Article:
Most of the comments I’ve received around my posting “Show us the bloody bits” focus the writers’ unhappiness with my position on photos taken by a Washington Post photographer. The photos show the horror of a youngster having her clitoris removed in a back alley in Kurdish Iraq. The commentators seems more upset about the so-called violation of young Sheelan’s privacy than the mutilation of her body. The photos were taken by Andrea Bruce who IMHO should win a Pulitzer.
This is a sad commentary on where some people put their priorities.
Thank goodness there are still photojournalists out there like Ms Bruce. Here is a link to her weekly column currently being written while she is on assignment in Baghdad: http://voices.washingtonpost.com/unseen-iraq/ and here is a link to her bio: http://www.andreabruce.com/main.php
One of my students (who I hope reads this post) has a large number of photos that he needs to repair and scan into his digital darkroom. Thanks to one of the photographers who is on Twitter I can now suggest he checks ScanCafe. Fixing tears and stains isn’t easy and scanning can be a headache too. ScanCafe might be just the ticket.
To all my students looking to improve their small flash work…order Joe McNally’s The Hot Shoe Diaries right now! My copy just arrived (via Amazon.com and Canada Post) and while Joe uses Nikon flashes, the information is valuable to anyone interested in better flash work. I’ve got to get a cup of tea and read Joe’s book to calm me down after my last post (below).
BTW Joe also wrote The Moment It Clicks and I highly recommend it as well. Joe is one of the guys I want to meet in person someday and just shake his hand. He’s an amazingly great photographer.
I’m outraged over the outrage swirling about the publishing of photos shot by Andrea Bruce of the Washington Post that show a Kurdish girl having parts of her clitoris cut off.
I’m a former award-winning news photographer and the outrage being voiced by Tewfic El-Sawy who writes The Travel Photographer and Roy Greenslade’s blog at The Guardian newspaper in England is regrettable. Yes the photos invade this child’s privacy but so much less so than the knife being used by the “auntie” who cut her. Look at these photos. See the trust in this child’s eyes. Look at her innocent curiosity at what’s to befall her. Now look at the pain in her face as her part of her womanhood is cut away.
And you men moan about her privacy! I say show us the bloody parts. Rub our faces in this practice. Make us ashamed to sit here commenting from the safety of our homes.
Shame on you. Shame on you both. You do your readers a great disservice.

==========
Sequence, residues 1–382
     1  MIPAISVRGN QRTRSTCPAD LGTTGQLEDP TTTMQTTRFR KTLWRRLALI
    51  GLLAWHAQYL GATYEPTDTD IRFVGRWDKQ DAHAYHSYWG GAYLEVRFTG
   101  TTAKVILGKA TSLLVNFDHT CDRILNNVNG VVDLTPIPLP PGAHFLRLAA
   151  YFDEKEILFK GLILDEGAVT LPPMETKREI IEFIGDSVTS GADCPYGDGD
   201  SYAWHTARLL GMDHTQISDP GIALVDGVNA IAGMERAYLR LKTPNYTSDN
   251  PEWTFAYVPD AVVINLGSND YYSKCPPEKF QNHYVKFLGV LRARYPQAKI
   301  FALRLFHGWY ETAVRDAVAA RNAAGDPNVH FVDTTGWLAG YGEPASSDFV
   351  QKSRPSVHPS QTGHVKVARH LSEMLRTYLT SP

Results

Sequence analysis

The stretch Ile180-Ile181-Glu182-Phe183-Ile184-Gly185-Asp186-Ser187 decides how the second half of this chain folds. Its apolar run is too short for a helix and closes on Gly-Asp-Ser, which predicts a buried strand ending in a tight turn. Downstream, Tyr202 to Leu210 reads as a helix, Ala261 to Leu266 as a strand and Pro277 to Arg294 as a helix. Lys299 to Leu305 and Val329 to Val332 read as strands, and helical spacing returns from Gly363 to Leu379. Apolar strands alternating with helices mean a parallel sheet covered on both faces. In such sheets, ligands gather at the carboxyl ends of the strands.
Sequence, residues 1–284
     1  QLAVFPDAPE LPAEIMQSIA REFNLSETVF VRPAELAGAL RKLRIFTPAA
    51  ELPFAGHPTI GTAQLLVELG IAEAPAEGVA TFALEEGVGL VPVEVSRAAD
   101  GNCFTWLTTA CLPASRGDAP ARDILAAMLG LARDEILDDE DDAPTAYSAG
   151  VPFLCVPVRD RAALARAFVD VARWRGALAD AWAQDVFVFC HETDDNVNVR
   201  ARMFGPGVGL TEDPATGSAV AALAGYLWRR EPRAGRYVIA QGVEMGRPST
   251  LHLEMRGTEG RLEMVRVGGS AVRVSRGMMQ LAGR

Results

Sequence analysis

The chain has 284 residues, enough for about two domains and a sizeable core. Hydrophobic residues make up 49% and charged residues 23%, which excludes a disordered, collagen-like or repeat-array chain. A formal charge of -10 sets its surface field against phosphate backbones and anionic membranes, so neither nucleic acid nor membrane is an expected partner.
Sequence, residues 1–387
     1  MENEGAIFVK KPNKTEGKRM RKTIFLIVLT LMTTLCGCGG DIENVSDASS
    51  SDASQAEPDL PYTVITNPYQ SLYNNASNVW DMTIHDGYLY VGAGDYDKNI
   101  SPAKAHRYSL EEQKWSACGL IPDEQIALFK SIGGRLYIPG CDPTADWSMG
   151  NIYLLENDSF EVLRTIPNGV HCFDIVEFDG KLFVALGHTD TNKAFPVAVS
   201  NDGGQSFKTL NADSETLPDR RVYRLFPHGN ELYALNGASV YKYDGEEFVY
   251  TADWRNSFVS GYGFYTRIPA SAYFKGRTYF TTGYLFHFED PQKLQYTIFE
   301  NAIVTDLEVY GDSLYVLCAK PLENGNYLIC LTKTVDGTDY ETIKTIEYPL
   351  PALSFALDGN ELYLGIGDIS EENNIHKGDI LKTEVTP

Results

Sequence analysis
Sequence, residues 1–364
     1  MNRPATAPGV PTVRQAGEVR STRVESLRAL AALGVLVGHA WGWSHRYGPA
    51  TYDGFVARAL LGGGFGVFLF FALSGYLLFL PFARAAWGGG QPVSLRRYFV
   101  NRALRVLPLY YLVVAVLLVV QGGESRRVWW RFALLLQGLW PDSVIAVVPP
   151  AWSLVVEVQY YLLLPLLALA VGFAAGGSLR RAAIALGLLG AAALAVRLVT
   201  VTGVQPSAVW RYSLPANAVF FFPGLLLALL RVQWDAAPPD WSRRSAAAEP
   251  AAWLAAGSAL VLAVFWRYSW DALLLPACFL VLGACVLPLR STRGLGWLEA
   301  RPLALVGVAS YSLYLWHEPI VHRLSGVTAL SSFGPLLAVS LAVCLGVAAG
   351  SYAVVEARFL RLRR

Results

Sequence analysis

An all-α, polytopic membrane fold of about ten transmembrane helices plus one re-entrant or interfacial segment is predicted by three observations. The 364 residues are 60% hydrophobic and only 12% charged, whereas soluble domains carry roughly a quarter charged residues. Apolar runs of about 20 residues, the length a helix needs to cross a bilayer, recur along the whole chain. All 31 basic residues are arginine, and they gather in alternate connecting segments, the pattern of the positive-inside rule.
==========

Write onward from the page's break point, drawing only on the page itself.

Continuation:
Ms Bruce’s photos are gruesome and revolting. And, yet they are necessary. The shine a light into a very dark back alley. You gentlemen with your concerns over this girl’s privacy would throw a blanket over this barbaric practice. With any luck at all Ms Bruce should win many more awards for her work. I trust she will continue to carry her camera into places I would dare not go and show me things I would dearly love to never see.
I visited the Canadian Museum of Contemporary Photography (CMCP) a few years ago when on a business trip to Ottawa. Seems the center was closed and will now become a government space to do whatever it is the government does in Ottawa. I’m not impressed. The CMCP was a unique institution in Canada. It was easily accessible to the public (It was next to the Chateau Laurier hotel) and put the spotlight on Canadian photography. Now the museum will become part of the Nation Art Gallery of Canada. This is a shame. We (Canadians) should have our own distinct center for photography.
The original CMCP was closed to fix some leaks in the building and now looks like it’s sunk under government bureaucratic thinking (or is that an oxymoron? Speaking of morons…oh never mind,,, you get my point I’m sure).
Michael Van der Tol has a strong blog about this sad affair.
Stop what you’re doing and spend a few amazing moments with Julie Aucoin and her amazing travel photography. Here’s is someone with the eye of an artist and the skills of a master photographer combined with the ability to get to places we’ve only dreamed about. Julie’s thoughtful, stunning images are accompanied by music of the country she has visited. This came via The Travel Photographer. Here’s Julie’s site Julie Aucoin‘s travel photography and another website here.
I just got back from the meeting of the Oakville Camera Club. Tonight the members were offering critiques of other members’ works. I’ll tell you, there were some pretty nice images shown but if I see one more photo of a tree… Also, the projector had a purple cast but that’s part of the fun. This isn’t super serious photography. This is photography done for the sheer enjoyment of it.
One newcomer, who I thought might have been feeling a little intimidated, asked what kind of cameras was everyone using. One of the executive members suggested that most members shot with either Canon or Nikon digital single-lens reflex cameras. Well that might be true but a lot of them would do well to go back to a point and shoot for awhile and focus (pardon the pun)on their composition.
My thought is let the camera look after the exposure (at least for now) and concentrate on getting better composition. Some said if you wanted to be a more interesting photographer then become a more interesting person. i agree and that has nothing to do with how big your camera is.
BTW this is one of my photos from the Canada Blooms 2009 show. This was my first black and white conversion using Nik’s Silver Efex Pro. I don’t know about you, but I’m impressed.